Dell Streak

The Dell Streak is a lot smaller than your average tablet and a lot bigger than a large
touchscreen mobile phone. So the questionis, just where does it fit in?
Dressed in all black, we have to admit that it’s quite a looker. It’s just 10 mm thick, which actually makes it a lot slimmer than quite a few smartphones. Weighing just 220 g, it’s comfortable to hold as well. It’s got 2.2 GB of internal memory and it also supports microSD cards of up to 32 GB.
Although there’s a hot swap under the rear panel for the memory card, for some strange reason, the
handset tends to auto switch-off if the panel is opened. The 3.5 mm hands-free port is located on
one side, or rather the top of the device, since it’s typically supposed to be used in landscape mode
like the Nokia N900. The volume/zoom keys, screen lock and the camera’s shutter release are also
located on this side.

Dell’s first mistake is incorporating a proprietary USB/charging port (bottom) into the Streak.Since it’s pretty much a large mobile handset, it would have been a whole lot simpler on us if thewent with a standard micro USB socket. Dell hasgone with touch-sensitive buttons on one side of the display. A microphone is also located on the same side. A light sensor and front-facing VGA camera are located on the other side just near the phone’s speaker. Using this rather large device to answer calls takes a lot of getting used to, so we’d recommend using the hands-free instead. The large5-inch touchscreen display sports a 480x800 pixel resolution, which makes it clear and easy to view even in the bright outdoors.
Dell’s second mistake is launching a device like this with an outdated version of the operating system. The Streak comes with Android 1.6 and we were told that it’s upgradeable to 2.1 (although we were unable to do so). Donut just doesn’t cut it anymore, and while Éclair has its fl aws, it left 1.6 in its dust long ago. If you’re removing shortcuts/ widgets from the desktop, there’s no click-and drag- to-Trash option; you’ll have to select the icon and then select the menu button to remove the item. It allows you to create multiple desktops, and wallpapers can be set individually to each. The drop-down menus make it easy to access various options, notifi cations and settings.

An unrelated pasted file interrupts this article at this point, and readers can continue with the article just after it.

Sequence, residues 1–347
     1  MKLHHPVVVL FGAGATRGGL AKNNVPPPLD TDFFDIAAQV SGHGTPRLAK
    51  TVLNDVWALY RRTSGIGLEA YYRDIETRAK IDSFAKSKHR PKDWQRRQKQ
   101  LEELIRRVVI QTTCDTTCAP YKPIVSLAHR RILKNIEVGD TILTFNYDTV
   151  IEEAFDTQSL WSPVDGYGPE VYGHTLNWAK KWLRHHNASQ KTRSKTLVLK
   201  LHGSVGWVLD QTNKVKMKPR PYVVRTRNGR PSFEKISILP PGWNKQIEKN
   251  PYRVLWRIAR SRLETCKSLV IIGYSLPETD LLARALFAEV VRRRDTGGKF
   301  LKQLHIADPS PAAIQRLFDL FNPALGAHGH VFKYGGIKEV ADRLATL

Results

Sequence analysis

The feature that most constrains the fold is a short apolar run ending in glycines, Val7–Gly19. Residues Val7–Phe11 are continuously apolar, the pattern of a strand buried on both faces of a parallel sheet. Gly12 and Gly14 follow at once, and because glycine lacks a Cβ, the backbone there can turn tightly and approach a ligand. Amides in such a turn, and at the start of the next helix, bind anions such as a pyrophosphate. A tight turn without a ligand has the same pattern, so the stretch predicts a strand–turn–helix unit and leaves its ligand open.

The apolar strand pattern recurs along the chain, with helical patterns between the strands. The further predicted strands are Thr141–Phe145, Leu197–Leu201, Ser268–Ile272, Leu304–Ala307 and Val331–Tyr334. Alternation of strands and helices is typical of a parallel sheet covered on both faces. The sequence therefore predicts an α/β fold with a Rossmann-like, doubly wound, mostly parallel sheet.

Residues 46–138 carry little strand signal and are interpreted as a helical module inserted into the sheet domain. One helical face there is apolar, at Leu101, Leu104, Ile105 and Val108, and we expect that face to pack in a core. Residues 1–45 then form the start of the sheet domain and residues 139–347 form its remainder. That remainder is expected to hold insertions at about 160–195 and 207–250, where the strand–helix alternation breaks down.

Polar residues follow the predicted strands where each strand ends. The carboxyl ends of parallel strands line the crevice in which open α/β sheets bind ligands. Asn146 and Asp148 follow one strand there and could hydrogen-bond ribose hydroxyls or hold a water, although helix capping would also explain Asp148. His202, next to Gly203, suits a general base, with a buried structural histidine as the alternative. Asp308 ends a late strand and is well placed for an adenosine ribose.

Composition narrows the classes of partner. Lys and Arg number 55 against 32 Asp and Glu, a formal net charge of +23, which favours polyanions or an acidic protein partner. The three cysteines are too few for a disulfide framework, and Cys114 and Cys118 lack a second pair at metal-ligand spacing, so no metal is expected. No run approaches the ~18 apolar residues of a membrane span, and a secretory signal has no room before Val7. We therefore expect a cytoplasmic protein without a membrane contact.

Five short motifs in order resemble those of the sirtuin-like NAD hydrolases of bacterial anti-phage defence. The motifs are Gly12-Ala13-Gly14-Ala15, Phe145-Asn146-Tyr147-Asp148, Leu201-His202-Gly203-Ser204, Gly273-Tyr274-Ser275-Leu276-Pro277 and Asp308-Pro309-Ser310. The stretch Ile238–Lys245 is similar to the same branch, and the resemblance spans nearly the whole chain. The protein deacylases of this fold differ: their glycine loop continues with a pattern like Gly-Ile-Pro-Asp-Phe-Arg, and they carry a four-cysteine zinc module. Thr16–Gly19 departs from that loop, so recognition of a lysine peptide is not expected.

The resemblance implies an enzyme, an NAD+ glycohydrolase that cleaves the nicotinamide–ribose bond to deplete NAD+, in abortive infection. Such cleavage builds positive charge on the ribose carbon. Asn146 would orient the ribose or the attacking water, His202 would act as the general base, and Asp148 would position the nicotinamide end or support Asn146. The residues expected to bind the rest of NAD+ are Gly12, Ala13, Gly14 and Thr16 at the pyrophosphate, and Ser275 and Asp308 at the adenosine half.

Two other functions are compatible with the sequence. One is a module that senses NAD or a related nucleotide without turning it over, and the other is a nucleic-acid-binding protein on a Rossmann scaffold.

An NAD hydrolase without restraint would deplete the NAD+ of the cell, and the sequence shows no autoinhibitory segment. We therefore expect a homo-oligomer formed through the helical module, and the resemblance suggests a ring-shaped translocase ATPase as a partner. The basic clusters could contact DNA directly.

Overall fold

We had a couple of issues with the UI. Firstly, multi-touch wasn’t a universal function. On any Android 2.1+ handset, Angry Birds would allow you to pinch zoom out so you can see just where you’re fi ring. Thankfully, the browser and image gallery allow for multi-touch zooming without a hitch. It still isn’t as smooth as the iPhone’s, but it’ll do. We expected a bit more in terms of speed from the Qualcomm Snapdragon 1 GHz processor.

It’s not a slow handset, but activating apps and opening menus wasn’t as smooth as we’d hoped. The keypad could also have been a little better designed. With the num pad on the side, it means your right thumb is going to have to do a bit of stretching. In portrait mode, the Zero and ‘O’ are too close together since the num pad moves above the QWERTY keypad. It’ll take some getting used to.
There was quite a bit of confusion while syncing Facebook and Google accounts with the device’s phonebook. 



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